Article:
Breathe. Breathe.

Breathe. Breathe. - Erin Sweet Al-Mehairi I don't read much poetry. I like it well enough, but I'm also extremely picky about what I like. I'm soothed by the cadence and rhythm of the words. I love the experience of reading out-loud a well-crafted poem, where speaking it correctly is a performance in itself.

And then... there's poetry that doesn't rhyme. Mostly that just bothers me. Some of it I like, but it's never sent me into the peaceful place that the more structured, traditional stuff often does. So, I realized within pages that maybe I wasn't the right type of poetry reader for Erin Sweet Al-Mehairi's Breathe. Breathe. But, I had committed to reading it. So, I shifted the lens through which I was viewing it, and plunged onwards.

There were a few pieces which I truly enjoyed, and I want to give them special attention.

The first two were in Act One. The first was The Society of Fireflies - it was gorgeous and evocative. The second was The Lighthouse Keeper's Tale - though I do admit this one frustrated me a bit. I wanted more at the end.

From Act Two, there were two more: I liked Misunderstood and Wraith of the Lonely.

And, funnily enough, there were also two in the Short Stories section that I really liked as well.
The Madness of the Woodpecker was right on the verge of being great, but I felt like the ending was just a bit too rough for it to work completely. And Life-Giver of the Nile - This was an interesting one. I liked how well she visualized everything, and how it circled back at the end.

Breathe. Breathe. has a lot of poetry (and a short story) that revolves around domestic abuse. For some people it's going to be a trigger. I'm sure if you've been through a domestic violence situation, the poetry will speak to you. I wasn't really able to connect with those poems. I do wish there had been a bit more variation in how a lot of the poems ended, but I understand that poems aren't stories, and therefore it's the emotion that counts. So I didn't count that against her.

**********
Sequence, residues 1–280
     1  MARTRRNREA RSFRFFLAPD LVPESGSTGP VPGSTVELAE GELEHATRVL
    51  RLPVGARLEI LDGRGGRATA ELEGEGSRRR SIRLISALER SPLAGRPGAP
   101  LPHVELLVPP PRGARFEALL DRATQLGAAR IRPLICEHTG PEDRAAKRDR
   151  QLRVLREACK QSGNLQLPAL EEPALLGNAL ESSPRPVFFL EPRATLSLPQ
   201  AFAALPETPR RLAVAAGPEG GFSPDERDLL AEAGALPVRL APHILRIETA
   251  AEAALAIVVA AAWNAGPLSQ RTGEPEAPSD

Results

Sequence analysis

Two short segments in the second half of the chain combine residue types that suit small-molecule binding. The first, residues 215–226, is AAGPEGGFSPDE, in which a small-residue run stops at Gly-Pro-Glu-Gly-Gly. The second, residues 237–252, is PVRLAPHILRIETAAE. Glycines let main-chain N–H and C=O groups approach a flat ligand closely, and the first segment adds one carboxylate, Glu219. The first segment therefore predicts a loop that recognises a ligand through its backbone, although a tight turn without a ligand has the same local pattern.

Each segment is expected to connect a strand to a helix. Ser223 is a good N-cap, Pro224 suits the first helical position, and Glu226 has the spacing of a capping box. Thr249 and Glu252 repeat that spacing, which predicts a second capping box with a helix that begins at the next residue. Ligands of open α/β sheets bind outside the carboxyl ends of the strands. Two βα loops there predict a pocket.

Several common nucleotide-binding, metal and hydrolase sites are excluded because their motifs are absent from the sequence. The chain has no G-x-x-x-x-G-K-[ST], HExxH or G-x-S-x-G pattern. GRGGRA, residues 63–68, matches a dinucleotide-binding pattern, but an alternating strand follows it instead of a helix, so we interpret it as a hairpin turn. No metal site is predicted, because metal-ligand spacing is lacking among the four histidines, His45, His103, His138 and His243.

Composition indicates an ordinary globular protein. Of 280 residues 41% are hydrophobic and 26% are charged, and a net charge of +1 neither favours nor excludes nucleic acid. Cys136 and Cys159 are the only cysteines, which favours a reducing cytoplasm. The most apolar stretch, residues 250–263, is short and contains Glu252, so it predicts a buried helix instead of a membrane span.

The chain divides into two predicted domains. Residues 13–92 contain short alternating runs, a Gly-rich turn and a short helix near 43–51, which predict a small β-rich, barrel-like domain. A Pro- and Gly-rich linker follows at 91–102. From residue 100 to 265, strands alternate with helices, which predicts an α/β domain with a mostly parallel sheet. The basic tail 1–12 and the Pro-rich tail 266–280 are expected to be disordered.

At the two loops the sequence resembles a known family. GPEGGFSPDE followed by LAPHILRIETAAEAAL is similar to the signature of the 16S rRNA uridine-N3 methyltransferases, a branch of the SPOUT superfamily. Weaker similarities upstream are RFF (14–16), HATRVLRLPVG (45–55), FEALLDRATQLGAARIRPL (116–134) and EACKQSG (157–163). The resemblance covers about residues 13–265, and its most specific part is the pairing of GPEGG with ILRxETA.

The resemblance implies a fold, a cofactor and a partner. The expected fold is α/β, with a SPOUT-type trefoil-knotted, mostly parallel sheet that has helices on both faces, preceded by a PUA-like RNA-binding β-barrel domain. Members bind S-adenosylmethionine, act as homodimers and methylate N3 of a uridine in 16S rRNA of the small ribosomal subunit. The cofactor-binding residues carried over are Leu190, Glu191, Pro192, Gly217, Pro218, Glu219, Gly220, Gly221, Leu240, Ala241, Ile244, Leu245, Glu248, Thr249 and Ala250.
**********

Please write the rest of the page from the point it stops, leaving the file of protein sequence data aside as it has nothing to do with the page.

Overall, I have to give Al-Mehairi props for putting her own work out there for others to read. It's always easier to critique, to edit, and promote than it is to put forth your own work. My personal dislike of the poetry style aside, I can see where others can connect with it deeply. I liked the touch of fantasy that colored some of the poetry in the first act. There's one about what I assumed was some sort of Nosferatu creature that was pretty cool for that aspect.

Breathe. Breathe. will appeal to many readers. It's a quick (easy - for me) read that's worth checking out if you're into poetry and laying bare your emotions.